Der Boghossian started the program as a change of pace from his day job as equity director at Normandale Community College. He has experience as a broadcaster and loves books.

"The podcast idea came up as a lark — ha, ha, ha," said Der Boghossian, who is 41 and lives in St. Anthony. "Then I said, wait a minute, I have that skill set and the overhead is fairly low."

While he mulled it over, the American Library Association reported a record number of banned or challenged books in 2021. The association tracked 729 challenges to library, school and university materials last year, involving 1,597 individual books. That record is likely to be broken in 2022; Missouri alone has banned nearly 300 books in at least 11 school districts since August.

Five of the 10 most targeted books, including the top three, had LGBTQ themes. According to PEN America, books with major LGBTQ characters represent 41% of the banning attempts.

"They're trying to erase our stories," Der Boghossian said.

The podcast was on.

Der Boghossian lets guest decide what "saved my life" means to them.

"I think some people don't use that kind of big language," he said. But as the discussions unfold, "it becomes very clear that the book and the themes or whatever they're taking away from it had this really profound impact."

The program has hit Amazon's top 200 charts, he said, and been heard in 43 countries and 572 cities, including 45 in Minnesota.

So what book saved Der Boghossian's life? "A Home at the End of the World," by Michael Cunningham, he said without hesitation. Like Der Boghossian, the book's three main characters are in a polyamorous relationship. But he also was struck by how its tone and plot lacked the tragedy often found in traditional LGBTQ narratives.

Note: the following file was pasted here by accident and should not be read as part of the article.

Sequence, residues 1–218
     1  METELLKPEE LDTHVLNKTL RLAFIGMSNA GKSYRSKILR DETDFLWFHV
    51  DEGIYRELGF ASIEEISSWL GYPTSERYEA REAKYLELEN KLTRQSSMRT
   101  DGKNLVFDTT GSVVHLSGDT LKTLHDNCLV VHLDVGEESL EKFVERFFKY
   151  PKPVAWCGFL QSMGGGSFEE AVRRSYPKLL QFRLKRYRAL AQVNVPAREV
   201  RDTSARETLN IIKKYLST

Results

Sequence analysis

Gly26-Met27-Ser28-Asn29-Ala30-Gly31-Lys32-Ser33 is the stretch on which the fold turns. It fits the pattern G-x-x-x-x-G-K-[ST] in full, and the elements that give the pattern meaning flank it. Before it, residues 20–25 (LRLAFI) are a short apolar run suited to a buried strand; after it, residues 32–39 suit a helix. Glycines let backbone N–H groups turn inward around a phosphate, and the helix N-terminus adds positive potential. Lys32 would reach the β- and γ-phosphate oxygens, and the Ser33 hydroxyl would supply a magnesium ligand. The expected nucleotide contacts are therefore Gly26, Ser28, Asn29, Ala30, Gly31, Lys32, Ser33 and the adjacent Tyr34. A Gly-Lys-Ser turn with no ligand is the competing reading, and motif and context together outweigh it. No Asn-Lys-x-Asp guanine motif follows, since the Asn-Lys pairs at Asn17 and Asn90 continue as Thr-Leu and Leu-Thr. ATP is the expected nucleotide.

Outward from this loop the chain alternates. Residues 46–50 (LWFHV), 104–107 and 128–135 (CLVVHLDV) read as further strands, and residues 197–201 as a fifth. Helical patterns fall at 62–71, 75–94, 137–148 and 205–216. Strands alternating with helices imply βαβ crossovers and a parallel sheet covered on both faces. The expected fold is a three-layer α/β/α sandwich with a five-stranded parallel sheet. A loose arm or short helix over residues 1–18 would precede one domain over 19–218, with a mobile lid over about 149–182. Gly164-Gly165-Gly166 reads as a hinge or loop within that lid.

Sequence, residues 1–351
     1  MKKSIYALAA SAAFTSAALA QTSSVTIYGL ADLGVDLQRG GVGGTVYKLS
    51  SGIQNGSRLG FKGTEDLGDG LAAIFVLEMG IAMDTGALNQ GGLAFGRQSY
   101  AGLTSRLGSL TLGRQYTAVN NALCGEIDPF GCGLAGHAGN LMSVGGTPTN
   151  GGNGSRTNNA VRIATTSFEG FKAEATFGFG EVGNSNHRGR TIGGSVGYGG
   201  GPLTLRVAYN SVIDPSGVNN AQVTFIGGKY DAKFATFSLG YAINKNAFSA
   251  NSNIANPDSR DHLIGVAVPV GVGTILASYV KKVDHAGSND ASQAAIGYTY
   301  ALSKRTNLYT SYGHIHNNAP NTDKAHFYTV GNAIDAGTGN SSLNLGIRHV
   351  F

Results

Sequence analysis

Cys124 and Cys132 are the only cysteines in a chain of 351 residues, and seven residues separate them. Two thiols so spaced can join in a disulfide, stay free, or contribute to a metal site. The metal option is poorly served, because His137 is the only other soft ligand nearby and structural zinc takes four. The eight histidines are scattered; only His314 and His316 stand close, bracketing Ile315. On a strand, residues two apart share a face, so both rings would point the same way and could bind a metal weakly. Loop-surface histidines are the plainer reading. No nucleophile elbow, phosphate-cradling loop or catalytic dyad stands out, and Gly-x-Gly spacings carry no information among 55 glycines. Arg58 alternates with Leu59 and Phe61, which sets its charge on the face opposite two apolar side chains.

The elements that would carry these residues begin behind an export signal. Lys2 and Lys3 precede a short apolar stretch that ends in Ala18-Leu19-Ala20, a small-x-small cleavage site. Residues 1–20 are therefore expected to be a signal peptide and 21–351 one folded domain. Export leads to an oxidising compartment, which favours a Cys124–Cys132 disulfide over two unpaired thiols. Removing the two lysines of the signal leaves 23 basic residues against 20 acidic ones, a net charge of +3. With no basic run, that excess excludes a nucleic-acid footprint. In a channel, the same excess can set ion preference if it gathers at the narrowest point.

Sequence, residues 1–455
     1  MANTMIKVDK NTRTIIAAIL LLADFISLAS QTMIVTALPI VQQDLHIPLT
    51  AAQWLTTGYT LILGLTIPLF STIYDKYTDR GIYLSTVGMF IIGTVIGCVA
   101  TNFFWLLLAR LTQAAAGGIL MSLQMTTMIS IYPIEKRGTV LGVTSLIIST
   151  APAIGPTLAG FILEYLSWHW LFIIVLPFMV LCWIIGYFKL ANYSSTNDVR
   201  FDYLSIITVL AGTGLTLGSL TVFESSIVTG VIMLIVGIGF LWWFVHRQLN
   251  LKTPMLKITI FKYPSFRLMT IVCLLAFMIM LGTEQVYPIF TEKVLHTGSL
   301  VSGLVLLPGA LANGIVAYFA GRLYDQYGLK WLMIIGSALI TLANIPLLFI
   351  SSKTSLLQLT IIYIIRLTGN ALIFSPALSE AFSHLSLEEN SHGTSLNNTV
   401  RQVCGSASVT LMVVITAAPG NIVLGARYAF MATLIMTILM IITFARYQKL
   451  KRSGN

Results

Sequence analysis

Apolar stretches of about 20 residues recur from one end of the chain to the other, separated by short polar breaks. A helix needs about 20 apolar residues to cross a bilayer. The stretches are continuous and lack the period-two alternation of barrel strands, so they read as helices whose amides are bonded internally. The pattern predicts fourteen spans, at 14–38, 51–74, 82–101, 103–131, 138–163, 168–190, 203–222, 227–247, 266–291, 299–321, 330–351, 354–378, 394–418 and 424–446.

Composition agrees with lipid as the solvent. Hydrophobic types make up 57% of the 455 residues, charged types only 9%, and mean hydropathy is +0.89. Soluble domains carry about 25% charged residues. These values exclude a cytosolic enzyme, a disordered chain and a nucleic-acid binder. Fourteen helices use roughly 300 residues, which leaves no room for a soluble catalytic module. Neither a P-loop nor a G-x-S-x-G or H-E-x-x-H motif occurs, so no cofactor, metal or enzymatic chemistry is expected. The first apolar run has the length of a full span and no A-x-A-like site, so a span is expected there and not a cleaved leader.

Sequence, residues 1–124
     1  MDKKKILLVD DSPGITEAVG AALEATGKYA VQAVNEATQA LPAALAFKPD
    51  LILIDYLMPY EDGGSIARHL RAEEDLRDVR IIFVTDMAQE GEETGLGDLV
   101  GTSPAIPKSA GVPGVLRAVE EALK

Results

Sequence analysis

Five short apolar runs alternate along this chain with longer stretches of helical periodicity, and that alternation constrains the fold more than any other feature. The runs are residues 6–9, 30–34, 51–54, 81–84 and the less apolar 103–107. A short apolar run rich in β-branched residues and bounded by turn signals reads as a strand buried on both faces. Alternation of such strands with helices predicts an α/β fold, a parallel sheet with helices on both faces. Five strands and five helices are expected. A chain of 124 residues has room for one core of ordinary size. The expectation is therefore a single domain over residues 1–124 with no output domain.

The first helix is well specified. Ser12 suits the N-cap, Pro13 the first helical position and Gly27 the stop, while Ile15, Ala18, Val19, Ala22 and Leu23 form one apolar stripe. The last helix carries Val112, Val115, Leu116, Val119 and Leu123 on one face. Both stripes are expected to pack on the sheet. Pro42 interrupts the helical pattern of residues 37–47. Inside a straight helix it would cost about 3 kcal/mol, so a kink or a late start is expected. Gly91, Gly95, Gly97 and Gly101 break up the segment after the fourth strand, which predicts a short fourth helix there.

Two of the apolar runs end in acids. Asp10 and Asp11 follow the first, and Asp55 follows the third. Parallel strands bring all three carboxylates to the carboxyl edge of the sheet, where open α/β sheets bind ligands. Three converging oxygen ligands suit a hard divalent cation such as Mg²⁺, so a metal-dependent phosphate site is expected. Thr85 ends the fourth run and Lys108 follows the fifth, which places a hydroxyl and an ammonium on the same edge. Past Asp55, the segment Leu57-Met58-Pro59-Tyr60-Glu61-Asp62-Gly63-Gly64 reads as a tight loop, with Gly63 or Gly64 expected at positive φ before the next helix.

"I was for the first time seeing queer people on the page, living their lives, and the major conflict wasn't about coming out, there wasn't violence against them," he said. "It was really pivotal and life-changing."

Despite political threats, LGBTQ literature is becoming more visible and gaining wider acceptance, much like — and because of — LGBTQ people themselves.

"I grew up in a time when gay people were invisible except to be made fun of or be horrified by," Gary Nygaard said in an interview.

The culture has shifted, he said. "I like to think I helped with this. I think homophobia has subsided a lot just because people have come out and because so many people now know a gay person in their lives."

When Jennifer Finney Boylan wrote 2003's "She's Not There: A Life in Two Genders," she saw herself as addressing readers "who'd never really thought about trans issues before," she said on a podcast episode.

But the book has "an aroma of apology" of "trying to win people over," she told Der Boghossian. If she were to write it now, she said, "I would not be asking for anybody's understanding. The movement has progressed to the point where people feel a sense of confidence and courage in being themselves."

But Der Boghossian can't forget that surge of book-banning efforts.

"I've always been kind of suspicious about all of this change because I feel like it can go back so quickly," he said.